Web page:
Sense and avoid technologies permitting operations in these environments will also enable autonomous or semiautonomous operations underground, in bunkers, or in buildings where the UGV cannot receive Global Positioning System (GPS) signals for navigation, requiring advanced intelligence visual navigation. An unmanned ground vehicle will also require a means to protect itself from tampering when it operates within a population.15
The maritime domain has distinct challenges as well. More robust propulsion systems are necessary for sustained speed and distance, but today's UUVs rely on limited battery power. Future generations will need improved power sources to gain the range and speed required for these vehicles to have a greater role in the joint team.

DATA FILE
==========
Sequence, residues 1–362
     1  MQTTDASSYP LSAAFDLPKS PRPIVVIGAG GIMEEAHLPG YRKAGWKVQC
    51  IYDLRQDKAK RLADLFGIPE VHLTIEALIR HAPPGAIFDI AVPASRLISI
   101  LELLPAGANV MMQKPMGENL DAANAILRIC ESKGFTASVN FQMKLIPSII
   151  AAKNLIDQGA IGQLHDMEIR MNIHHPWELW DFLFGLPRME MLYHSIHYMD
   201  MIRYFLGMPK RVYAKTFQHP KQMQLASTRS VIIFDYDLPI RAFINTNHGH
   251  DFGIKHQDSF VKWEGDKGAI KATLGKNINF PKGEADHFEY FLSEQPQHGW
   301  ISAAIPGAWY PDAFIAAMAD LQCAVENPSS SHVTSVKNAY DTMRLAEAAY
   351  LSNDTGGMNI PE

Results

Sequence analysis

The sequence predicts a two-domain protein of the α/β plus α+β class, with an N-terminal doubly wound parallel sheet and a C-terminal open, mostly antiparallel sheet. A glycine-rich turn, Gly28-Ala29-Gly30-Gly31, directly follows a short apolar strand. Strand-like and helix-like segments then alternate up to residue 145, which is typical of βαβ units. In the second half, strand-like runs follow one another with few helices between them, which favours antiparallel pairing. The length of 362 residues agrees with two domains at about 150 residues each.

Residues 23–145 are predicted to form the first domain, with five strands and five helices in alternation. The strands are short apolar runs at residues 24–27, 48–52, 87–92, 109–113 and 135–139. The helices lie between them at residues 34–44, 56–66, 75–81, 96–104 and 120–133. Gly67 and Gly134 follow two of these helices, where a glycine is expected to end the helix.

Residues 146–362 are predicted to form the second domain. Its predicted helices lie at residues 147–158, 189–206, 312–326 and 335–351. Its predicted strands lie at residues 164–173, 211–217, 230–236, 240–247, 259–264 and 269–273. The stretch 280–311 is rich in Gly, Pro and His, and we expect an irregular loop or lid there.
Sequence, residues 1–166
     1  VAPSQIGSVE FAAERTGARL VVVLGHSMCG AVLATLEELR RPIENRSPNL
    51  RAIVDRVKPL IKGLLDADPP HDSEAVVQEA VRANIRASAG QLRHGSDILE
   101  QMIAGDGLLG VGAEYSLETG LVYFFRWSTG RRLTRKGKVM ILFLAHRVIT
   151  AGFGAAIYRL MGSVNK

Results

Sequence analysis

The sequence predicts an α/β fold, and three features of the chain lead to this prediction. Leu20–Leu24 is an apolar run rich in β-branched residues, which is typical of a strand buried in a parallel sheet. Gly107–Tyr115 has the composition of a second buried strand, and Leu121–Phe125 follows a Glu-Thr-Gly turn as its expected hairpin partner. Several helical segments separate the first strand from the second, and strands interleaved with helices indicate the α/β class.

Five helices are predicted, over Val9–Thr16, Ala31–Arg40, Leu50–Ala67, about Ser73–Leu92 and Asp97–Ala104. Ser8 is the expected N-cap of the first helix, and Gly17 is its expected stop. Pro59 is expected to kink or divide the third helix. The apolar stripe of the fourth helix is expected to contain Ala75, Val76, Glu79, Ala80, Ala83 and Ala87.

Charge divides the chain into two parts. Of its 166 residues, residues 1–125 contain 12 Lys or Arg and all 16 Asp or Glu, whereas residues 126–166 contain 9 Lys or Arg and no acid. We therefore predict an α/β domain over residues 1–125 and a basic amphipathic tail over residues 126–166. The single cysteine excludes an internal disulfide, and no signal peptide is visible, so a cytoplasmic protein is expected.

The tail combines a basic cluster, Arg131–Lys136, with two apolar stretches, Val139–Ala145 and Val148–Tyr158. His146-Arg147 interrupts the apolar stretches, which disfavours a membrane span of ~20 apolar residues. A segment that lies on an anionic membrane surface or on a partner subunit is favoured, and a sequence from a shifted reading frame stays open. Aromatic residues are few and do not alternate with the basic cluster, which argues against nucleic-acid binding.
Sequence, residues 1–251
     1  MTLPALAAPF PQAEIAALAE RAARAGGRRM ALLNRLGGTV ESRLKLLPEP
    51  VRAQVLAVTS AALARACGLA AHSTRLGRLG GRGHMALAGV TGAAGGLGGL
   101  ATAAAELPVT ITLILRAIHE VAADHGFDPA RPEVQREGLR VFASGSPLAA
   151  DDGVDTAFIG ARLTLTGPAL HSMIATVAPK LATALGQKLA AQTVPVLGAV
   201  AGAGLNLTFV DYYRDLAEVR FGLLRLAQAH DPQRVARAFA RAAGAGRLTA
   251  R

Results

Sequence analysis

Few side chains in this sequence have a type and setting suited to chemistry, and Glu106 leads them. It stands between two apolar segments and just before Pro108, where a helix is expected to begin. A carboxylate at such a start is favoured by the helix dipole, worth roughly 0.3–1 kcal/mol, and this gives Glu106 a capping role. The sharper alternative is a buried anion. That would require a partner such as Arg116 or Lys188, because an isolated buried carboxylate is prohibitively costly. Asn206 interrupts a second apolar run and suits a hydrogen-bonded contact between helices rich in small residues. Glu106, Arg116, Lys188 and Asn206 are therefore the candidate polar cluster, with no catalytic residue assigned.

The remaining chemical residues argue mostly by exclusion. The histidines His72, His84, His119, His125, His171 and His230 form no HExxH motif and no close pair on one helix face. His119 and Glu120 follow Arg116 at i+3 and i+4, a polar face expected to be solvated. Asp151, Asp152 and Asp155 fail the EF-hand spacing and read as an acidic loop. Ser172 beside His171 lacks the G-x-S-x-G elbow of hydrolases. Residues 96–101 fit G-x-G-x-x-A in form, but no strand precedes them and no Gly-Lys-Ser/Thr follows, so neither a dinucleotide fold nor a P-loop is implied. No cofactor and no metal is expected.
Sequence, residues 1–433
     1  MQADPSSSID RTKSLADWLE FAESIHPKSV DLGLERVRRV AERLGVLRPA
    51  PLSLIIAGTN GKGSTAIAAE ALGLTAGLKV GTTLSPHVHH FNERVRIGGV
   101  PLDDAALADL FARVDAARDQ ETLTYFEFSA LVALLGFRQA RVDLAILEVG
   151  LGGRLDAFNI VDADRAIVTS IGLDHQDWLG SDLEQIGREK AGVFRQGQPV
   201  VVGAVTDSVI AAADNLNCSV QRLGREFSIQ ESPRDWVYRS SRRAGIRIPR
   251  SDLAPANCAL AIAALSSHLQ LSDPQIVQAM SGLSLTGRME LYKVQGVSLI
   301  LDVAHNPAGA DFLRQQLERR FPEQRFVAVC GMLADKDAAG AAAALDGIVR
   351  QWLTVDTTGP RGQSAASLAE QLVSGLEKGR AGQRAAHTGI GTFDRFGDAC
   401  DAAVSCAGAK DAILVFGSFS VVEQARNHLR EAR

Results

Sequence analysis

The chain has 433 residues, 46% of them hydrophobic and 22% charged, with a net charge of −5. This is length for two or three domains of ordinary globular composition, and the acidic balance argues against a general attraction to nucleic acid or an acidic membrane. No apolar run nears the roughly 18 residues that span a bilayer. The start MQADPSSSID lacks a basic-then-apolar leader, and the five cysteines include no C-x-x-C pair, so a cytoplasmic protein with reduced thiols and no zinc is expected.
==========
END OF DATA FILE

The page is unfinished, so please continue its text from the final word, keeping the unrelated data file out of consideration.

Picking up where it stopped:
Joint Acquisition. The final key challenge in UMS is the willingness of the Services to view unmanned systems acquisition as an opportunity to improve joint acquisition. With the manipulation of sensors and exploitation of data removed from the air vehicle, UMS procurement can allow for greater commonality and interoperability of the vehicle. This potential is evident with the Air Force Global Hawk and Navy Broad Area Maritime Surveillance air systems, where 68 percent of the air vehicles share common components.
This is a logical step. Within the Air Force, for example, UAS have evolved from the Predator as an EO/IR and full-motion video sensor platform to the Reaper, incorporating a variety of weapons: Hellfire missiles, GBU–12 laser-guided bombs, GBU–38 GPS-aided bombs, and the AIM–9 air-to-air missile. In this manner, the Reaper has broken barriers between the Air Force mission areas of ISR, close air support, and air superiority.